Our irreproducible humanity
Leaders of the museum and art gallery world have suggested that reproductions of artistic masterpieces should be put on display while the originals are stored out of sight. This would preserve such treasures from deterioration or the risk of theft, while enabling the public to view great works which are deemed too fragile to be displayed.
Neil MacGregor, the former director of the British Museum and the National Gallery, says modern reproduction techniques could enable people to see, for example, The Family of Darius Before Alexander by Paolo Veronese with its true, unfaded colours. “Technology could give us for the first time the experience the artist intended us to have.”
This is an intriguing concept. The notion that a reproduction can be better than the actual work painted by the artist challenges our belief in the value of authenticity.
Of course, the point is that deterioration over time means we don’t see the actual colour of the picture as painted. Nevertheless, what is the more valuable experience: looking at the original painting with its faded colours, or a reproduction with the colour enhanced? Would we think a forgery of a Rembrandt, a Velasquez or a Constable has as much merit as the originals, if not more?
A similar issue arises from the use of Zoom, FaceTime and other social media platforms to communicate with the world during this period of lockdown and social isolation. These have proved a lifeline for keeping connected to family and friends, or holding virtual meetings that have enabled many to keep working.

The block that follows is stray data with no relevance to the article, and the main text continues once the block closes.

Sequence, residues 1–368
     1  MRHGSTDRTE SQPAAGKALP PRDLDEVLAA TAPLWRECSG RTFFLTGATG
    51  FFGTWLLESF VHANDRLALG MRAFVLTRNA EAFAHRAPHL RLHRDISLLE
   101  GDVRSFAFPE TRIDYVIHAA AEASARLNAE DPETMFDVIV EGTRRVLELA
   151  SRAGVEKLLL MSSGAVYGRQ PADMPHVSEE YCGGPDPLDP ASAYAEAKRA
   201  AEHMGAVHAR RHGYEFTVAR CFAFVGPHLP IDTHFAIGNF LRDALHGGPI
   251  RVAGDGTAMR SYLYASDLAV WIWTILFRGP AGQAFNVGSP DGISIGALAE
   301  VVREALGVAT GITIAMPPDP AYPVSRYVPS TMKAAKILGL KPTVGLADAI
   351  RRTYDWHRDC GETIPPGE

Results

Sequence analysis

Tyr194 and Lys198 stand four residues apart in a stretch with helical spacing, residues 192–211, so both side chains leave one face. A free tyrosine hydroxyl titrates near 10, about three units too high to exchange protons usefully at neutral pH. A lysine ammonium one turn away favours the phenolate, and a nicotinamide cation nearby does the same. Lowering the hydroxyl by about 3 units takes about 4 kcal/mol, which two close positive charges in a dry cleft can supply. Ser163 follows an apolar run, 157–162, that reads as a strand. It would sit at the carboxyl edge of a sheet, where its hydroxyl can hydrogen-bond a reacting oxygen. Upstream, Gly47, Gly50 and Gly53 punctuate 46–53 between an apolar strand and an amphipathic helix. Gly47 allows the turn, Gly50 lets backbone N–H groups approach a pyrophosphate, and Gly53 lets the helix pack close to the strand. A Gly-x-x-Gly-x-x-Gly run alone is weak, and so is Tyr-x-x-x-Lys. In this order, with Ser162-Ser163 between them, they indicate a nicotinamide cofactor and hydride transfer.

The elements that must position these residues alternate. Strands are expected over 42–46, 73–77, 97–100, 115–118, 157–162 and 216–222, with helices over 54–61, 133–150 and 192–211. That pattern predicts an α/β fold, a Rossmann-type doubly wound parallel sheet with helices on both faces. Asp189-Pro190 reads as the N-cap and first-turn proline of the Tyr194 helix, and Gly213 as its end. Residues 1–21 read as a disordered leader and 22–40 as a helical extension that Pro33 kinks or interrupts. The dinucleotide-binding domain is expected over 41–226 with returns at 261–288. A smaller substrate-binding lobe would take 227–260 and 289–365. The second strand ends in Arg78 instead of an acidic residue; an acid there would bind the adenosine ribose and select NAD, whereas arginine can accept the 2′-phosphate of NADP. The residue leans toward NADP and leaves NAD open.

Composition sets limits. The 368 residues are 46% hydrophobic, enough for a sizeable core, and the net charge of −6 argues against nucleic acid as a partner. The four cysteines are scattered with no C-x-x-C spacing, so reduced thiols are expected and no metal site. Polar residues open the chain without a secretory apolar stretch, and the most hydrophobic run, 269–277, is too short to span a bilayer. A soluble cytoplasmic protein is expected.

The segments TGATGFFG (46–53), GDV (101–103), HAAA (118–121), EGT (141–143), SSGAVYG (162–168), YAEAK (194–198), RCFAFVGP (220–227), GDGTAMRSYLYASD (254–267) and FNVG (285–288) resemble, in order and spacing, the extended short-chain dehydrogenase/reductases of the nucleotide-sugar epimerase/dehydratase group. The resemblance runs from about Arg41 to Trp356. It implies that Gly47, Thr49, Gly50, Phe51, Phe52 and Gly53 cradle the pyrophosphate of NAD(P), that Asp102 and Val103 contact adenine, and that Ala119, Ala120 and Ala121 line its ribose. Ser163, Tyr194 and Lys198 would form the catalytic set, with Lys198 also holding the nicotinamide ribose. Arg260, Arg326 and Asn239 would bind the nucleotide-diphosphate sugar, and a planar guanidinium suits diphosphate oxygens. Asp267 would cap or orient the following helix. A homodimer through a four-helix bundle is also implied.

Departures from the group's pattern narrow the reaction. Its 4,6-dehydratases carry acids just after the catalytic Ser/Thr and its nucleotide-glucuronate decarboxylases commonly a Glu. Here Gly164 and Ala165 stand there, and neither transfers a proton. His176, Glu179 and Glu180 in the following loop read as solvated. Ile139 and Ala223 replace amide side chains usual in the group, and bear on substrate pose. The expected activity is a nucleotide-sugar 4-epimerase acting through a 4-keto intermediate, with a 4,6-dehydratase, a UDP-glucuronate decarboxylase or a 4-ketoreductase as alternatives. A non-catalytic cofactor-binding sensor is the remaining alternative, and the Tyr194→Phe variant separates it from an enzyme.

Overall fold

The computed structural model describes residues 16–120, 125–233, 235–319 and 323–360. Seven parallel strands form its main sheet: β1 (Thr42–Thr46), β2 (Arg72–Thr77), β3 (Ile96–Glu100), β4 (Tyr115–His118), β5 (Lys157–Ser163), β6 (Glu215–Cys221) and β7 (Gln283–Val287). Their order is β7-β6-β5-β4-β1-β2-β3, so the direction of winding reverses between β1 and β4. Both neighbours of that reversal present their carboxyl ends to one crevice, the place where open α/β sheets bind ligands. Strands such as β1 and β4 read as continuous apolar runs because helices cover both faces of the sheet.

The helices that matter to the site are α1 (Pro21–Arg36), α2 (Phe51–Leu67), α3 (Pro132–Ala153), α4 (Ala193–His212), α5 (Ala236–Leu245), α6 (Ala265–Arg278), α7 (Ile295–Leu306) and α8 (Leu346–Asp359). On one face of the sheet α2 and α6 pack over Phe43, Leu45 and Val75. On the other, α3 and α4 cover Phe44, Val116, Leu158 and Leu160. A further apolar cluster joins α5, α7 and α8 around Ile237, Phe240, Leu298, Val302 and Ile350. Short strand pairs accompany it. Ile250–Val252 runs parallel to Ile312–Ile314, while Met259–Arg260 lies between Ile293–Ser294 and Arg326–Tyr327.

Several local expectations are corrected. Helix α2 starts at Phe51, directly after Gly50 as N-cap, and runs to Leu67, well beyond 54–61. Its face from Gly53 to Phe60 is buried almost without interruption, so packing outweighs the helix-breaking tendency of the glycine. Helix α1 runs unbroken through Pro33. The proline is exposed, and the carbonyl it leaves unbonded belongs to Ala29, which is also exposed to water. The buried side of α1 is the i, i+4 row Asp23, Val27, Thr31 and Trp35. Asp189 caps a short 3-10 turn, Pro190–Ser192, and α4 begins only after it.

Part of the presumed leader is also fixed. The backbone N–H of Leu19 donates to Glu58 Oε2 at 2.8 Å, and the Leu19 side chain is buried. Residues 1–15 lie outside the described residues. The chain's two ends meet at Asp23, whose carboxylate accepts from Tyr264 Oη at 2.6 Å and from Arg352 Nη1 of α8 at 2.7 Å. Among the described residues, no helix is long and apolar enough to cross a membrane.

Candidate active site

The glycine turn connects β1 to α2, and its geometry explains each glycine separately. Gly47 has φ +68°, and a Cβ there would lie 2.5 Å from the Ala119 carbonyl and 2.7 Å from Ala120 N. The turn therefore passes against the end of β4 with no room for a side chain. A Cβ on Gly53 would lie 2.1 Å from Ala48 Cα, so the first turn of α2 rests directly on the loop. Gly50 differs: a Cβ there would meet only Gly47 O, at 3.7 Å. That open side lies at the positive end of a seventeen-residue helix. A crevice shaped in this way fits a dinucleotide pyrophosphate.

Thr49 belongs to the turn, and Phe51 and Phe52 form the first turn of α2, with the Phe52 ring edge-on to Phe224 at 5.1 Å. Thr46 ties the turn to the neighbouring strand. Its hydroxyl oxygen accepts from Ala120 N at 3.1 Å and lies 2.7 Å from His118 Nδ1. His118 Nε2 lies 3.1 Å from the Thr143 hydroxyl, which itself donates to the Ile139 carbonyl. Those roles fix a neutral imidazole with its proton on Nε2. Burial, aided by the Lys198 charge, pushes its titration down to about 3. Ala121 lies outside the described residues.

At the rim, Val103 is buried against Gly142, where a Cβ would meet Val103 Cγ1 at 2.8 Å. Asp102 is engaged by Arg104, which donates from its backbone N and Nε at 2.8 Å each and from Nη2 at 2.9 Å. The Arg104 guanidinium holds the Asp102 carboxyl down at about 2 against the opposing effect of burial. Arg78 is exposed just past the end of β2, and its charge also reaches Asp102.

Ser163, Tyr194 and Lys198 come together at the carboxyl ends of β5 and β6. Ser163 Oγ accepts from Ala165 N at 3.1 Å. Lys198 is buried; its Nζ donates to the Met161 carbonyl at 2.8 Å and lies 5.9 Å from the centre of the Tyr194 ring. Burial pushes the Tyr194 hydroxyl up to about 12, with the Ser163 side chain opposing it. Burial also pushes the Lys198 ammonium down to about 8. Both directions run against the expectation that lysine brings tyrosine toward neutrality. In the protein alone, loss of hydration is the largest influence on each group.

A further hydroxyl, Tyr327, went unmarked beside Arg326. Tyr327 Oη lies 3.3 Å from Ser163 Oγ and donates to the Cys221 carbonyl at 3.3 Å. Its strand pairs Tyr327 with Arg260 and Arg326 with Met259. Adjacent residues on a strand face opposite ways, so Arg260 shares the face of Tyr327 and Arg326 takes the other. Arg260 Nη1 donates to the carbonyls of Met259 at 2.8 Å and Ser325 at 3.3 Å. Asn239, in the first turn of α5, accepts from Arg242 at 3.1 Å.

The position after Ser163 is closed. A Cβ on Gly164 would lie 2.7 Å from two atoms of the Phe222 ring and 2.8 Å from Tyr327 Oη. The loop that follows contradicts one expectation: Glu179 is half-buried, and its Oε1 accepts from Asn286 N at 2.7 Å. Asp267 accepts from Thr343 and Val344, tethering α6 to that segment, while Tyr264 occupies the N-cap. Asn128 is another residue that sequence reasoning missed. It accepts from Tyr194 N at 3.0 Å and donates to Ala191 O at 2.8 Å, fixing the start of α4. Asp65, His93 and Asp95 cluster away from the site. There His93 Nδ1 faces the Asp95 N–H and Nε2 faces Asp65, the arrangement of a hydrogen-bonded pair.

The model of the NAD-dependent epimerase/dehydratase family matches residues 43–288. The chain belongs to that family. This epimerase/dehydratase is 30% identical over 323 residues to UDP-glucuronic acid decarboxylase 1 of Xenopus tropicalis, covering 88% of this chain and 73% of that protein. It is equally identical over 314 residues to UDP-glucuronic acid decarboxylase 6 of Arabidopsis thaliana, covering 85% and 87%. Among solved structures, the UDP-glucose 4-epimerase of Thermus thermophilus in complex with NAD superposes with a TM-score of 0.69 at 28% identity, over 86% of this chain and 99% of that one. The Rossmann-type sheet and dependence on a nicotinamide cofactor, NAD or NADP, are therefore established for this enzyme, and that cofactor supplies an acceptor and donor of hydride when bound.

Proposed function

And yet such engagement at a distance comes at a cost. For all Zoom’s undoubted benefits, many have found using it a disconcerting or emotionally tiring experience. It’s not just that it constrains spontaneity through the invasive scope of the camera or microphone. It also deprives us of the innumerable different cues that we constantly absorb about each other in real-life encounters.
We don’t just see or hear things. We also touch, taste, smell them, which we obviously can’t do in virtual encounters. Our senses, moreover, are all crucial to how we perceive ourselves. They help form the essential me-ness of being “me”. And that isn’t reproducible.
It’s why ceremonies on Zoom that are invested with emotional significance, such as weddings, funerals or proposals of marriage, aren’t as fulfilling as the real thing. And it’s why a reproduction of a Veronese painting can’t give us the unique essence that illuminates the work from within.
When this Covid nightmare eventually passes we may find that, far from continuing unthinkingly to embrace an artificially manufactured world, we will have rediscovered and reaffirmed what it is to be a human being.
To read my whole Times column (£), please click here.